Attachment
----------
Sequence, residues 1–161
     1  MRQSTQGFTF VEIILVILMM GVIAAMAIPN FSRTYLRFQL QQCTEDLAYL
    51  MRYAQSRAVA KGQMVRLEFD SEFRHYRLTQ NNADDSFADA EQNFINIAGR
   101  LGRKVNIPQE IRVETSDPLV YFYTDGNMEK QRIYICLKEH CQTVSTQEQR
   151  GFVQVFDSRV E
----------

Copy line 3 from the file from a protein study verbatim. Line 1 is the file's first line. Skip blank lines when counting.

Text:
    51  MRYAQSRAVA KGQMVRLEFD SEFRHYRLTQ NNADDSFADA EQNFINIAGR